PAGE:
Using keratin extracted from human hair collected from hair salons, Prof Ng and Prof Hu, along with seven other researchers from NTU and Harvard University, found that they could mix cellulose fibres into the keratin solution to strengthen it.
The mixture is then dried into a spongy substrate – also known as hydroponics substrate – that can be used to grow common local vegetables such as Chinese cabbage, kale, and arugula with good results.
The new hydroponics substrate has an advantage over traditional substrates made from Rockwool, polyurethane and phenolic foams in that it is biodegradable and can become a source of nutrients for plants when they degrade.
The findings of this proof-of-concept study were published in the peer-reviewed scientific journal, ACS Sustainable Chemistry & Engineering, titled “Sustainable Nutrient Substrates for Enhanced Seedling Development in Hydroponics” (DOI: 10.1021/acssuschemeng.2c01668).
The study originates in the NTU-Harvard Initiative for Sustainable Nanotechnology, a collaboration with Harvard University’s T. H. Chan School of Public Health in the United States.
This NTU innovation is further developed with funding from the Campus for Research Excellence and Technological Enterprise (CREATE) under the National Research Foundation (NRF).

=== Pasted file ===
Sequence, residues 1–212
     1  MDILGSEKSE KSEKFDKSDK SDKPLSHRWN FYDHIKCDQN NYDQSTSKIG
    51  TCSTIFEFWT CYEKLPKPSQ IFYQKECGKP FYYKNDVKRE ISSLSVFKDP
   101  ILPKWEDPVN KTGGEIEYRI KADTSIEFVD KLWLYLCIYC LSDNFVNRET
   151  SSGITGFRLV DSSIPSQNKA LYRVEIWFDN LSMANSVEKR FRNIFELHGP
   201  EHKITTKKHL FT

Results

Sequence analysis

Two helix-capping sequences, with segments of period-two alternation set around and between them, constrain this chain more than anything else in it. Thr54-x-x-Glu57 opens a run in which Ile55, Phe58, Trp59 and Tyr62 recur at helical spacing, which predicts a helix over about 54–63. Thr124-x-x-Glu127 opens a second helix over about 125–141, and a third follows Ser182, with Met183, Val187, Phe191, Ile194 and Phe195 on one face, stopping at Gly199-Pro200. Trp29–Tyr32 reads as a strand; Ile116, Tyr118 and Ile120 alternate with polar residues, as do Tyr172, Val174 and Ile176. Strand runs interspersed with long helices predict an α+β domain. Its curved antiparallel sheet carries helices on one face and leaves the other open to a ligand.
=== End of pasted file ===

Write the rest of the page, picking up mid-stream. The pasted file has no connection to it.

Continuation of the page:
The team is also currently in talks with other organisations, including local urban farms, to perform large-scale field tests, one of which aims to tweak the composition of the substrate to accommodate different vegetables, such as those with thicker roots.
For the full media release, please visit NTU News: A hairy solution to urban farming: growing salad out of human hair.
“Besides hair, livestock farming produces large amounts of keratin as biowastes, as it is found abundantly in wool, horns, hooves, and feathers. Since keratin can be extracted from many types of farm wastes, developing keratin-based hydroponic substrates could be an important strategy for recycling farm wastes as part of sustainable agriculture.”
- Prof Ng Kee Woei -
|From left: Dr Pan Xiaoyong, Prof Hu Xiao, Prof Ng Kee Woei and Dr Zhao Zhitong holding up various raw materials such as human hair and keratin solution and their keratin-based hydroponics substrate. (Source: NTU)|
Hydroponics substrates made of keratin and cellulose fibres could be a growth medium used in urban farming. (Source: NTU)
Our heartiest congratulations to Prof Ng, Prof Hu and their team on this excellent achievement!